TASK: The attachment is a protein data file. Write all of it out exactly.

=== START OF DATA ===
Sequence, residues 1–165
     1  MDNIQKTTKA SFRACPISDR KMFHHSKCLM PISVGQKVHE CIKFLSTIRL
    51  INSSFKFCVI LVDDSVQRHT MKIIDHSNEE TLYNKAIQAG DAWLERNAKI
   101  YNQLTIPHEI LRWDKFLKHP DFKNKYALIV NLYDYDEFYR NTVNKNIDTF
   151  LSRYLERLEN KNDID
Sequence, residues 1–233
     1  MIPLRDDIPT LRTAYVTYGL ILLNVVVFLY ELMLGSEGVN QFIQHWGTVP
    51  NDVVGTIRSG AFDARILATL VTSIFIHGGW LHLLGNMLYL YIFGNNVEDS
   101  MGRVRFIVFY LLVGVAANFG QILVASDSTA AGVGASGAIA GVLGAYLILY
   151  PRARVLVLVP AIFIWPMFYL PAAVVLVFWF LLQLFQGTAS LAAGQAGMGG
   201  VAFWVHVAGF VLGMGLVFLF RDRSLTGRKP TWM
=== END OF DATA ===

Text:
Sequence, residues 1–165
     1  MDNIQKTTKA SFRACPISDR KMFHHSKCLM PISVGQKVHE CIKFLSTIRL
    51  INSSFKFCVI LVDDSVQRHT MKIIDHSNEE TLYNKAIQAG DAWLERNAKI
   101  YNQLTIPHEI LRWDKFLKHP DFKNKYALIV NLYDYDEFYR NTVNKNIDTF
   151  LSRYLERLEN KNDID
Sequence, residues 1–233
     1  MIPLRDDIPT LRTAYVTYGL ILLNVVVFLY ELMLGSEGVN QFIQHWGTVP
    51  NDVVGTIRSG AFDARILATL VTSIFIHGGW LHLLGNMLYL YIFGNNVEDS
   101  MGRVRFIVFY LLVGVAANFG QILVASDSTA AGVGASGAIA GVLGAYLILY
   151  PRARVLVLVP AIFIWPMFYL PAAVVLVFWF LLQLFQGTAS LAAGQAGMGG
   201  VAFWVHVAGF VLGMGLVFLF RDRSLTGRKP TWM